Punk singer has died...
Jason Gregory

12:19 26th April 2011

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Boy George has paid tribute to Poly Styrene, the punk singer who has died at the age of 53.


Styrene, the singer with X Ray Spex, passed away on Monday (April 25) after a battle with cancer of the spine and breast.

In a message on Twitter, Boy George wrote: "I was a fan of Poly before I got to know her, she was a Krishna follower too, oh bless you Polly you will be missed! Legend!"

A statement released on the singer's own page said: "We can confirm that the beautiful Poly Styrene, who has been a true fighter, won her battle on Monday evening to go to higher places.”

Styrene – real name  Marianne Elliot-Said – formed X Ray Spex after being inspired by seeing Sex Pistols perform live.

The band released one album 'Germ Free Adolescents', in 1978, before their split.

The Most Iconic Women In Music

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  • 29. Lovefoxxx - One of the most present day performers in our rundown, Lovefoxx has spent the last two years crowd surfing through moshpits in a cat suit which makes her look like a rainbow trout in mating season. She is CSS.

  • 28. Juliette Lewis –Too much of a rock chic to be confined to the acting world, Juliette Lewis quickly assembled a band of ‘Licks’ and, helped by her eccentric dance moves and outspokenness, has become one of music’s most effervescent front women. (Photo By: Shirlaine Forrest)

  • 27. Kate Jackson – Kate Jackson’s so cool that, quite frankly, when we watch The Long Blondes we don’t notice that there’s a band playing behind her. With a voice that’s more deserving than their confined success, we expect the future could be very successful for a solo Jackson – if that ever happens! (Photo By: PR Photos)

  • 26. Gwen Stefani – Now a commercial phenomenon, Gwen Stefani has come a long way from the days when she tore up stages with No Doubt. She might now be an established solo star, but she’s still iconic enough to make our countdown. (Photo By: Carsten Windhorst)

  • 25. Cindy Lauper – With her adopted punk image Cindy Lauper found herself achieving a cult teenage following in the early 1980s. Add to the image the extraordinary success of her debut solo album ‘She’s So Unreal’ – which included the infectious ‘Girls Just Want To Have Fun’ – and it’s easy to see how she inspired so many young musicians. (Photo By: WENN)

  • 24. Shirley Manson – As the lead singer of Garbage, Shirley Manson makes the list because quite frankly, she’s not to be crossed. Famous for screaming her impassioned vocals with fearless intent, she’s now on the verge of embarking on a solo career. (Photo By: WENN)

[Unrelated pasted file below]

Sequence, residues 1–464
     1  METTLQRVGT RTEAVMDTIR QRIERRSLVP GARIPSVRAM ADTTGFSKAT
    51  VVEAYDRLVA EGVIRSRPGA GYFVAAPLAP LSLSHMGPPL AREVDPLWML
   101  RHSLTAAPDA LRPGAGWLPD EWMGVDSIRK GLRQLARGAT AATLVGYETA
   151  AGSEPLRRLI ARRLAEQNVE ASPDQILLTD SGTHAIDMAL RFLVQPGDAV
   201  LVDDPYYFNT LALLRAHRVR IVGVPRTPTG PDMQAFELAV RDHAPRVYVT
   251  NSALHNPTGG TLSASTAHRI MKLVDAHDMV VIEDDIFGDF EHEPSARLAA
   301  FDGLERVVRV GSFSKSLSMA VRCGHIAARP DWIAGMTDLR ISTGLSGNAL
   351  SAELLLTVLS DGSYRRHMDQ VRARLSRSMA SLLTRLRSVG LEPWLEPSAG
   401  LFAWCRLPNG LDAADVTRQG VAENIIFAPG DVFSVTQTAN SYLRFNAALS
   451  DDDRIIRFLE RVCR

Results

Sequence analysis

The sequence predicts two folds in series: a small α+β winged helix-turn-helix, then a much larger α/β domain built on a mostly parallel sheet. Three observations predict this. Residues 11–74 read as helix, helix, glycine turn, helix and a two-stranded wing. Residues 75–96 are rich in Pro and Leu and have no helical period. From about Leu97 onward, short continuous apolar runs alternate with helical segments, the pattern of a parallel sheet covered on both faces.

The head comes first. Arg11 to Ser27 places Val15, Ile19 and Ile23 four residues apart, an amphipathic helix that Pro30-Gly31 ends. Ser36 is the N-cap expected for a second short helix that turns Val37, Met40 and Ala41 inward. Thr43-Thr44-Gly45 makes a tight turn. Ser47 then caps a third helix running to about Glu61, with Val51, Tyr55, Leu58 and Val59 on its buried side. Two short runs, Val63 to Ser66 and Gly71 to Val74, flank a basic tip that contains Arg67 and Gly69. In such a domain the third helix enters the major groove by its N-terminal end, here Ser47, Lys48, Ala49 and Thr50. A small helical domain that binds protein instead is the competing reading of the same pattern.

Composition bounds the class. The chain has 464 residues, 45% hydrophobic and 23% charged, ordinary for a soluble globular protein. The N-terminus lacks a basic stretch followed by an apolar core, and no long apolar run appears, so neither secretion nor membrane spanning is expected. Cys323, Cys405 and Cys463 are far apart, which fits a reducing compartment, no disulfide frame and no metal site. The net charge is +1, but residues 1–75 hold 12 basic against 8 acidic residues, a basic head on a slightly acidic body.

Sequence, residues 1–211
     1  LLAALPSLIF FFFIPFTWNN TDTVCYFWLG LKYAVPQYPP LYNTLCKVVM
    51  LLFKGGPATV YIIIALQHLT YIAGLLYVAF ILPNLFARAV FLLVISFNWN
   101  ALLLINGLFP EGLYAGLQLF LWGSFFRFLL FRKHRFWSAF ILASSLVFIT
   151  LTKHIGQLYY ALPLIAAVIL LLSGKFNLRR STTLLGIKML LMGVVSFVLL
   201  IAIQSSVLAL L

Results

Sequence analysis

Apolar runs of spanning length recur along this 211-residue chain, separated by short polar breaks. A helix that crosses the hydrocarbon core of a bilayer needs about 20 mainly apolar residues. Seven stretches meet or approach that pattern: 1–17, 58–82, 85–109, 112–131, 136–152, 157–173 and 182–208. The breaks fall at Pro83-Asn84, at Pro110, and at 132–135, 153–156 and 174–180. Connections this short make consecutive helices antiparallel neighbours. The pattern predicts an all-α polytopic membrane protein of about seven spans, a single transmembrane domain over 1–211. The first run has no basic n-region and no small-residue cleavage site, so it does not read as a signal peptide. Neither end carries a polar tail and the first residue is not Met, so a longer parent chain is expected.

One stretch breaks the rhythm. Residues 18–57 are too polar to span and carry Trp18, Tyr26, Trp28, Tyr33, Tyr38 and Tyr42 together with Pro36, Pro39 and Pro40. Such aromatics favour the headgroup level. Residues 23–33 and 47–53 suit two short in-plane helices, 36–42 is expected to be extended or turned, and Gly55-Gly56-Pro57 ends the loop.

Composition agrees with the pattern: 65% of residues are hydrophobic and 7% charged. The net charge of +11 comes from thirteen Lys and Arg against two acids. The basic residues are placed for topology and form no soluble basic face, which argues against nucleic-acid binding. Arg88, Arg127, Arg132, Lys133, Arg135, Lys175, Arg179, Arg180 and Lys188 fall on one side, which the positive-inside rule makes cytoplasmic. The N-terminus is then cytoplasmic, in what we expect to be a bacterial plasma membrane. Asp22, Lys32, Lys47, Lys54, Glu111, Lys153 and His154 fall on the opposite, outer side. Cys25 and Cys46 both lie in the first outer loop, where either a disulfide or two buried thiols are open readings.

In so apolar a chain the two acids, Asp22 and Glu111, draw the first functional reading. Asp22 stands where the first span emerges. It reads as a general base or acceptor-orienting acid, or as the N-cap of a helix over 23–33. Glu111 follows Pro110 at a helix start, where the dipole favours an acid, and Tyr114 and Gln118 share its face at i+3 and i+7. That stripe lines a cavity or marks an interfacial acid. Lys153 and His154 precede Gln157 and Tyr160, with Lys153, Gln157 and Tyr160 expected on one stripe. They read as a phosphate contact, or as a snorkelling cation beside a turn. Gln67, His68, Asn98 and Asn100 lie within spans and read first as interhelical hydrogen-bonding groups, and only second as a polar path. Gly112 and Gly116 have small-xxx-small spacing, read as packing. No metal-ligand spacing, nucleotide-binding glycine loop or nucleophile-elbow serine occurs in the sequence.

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  • 22. The Slits – The original exponents of girl power, The Slits make our rundown for their plucky determination to challenge the so called punk rock genre that they emerged in.

  • 21. Cat Power – Following a battle with alcohol addiction, Cat Power has emerged to become one of the truly great female performers of the 21st century. With a new covers album, which puts a whole new spin on classic songs, it seems there’s little she can’t do. (Photo By: Carsten Windhorst)

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  • 19. Justine Frischmann – After leaving Suede in acrimonious circumstances, Justinne Frischmann went on to form the Mercury Music Prize nominated Elastica. Their self-titled debut went on to storm the charts entering at number one.

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  • 14. Kim Deal – As the bassist in The Pixies, Kim Deal deployed the basslines which are so powerful and influential in virtually all their songs. Although she also earned critical success with The Breeders, it’s her key role in The Pixies that means we can’t miss her off the countdown. (Photo By: WENN)

  • 13. Joni Mitchell – One of the more restrained characters on our list doesn’t mean that Joni Mitchell is any less worthy of being here. Hailed as one of the most important recording artists of the 20th century, she should be revered for her fearless ability to experiment.

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  • 6. Kate Bush – Although you can’t get to Kate Bush these days for six foot high exclusion walls, you can still listen to her defining past – such as the idiosyncratic ‘Running Up That Hill’ – which still continues to shape the music of other artists over thirty years later.

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Photo: WENN.com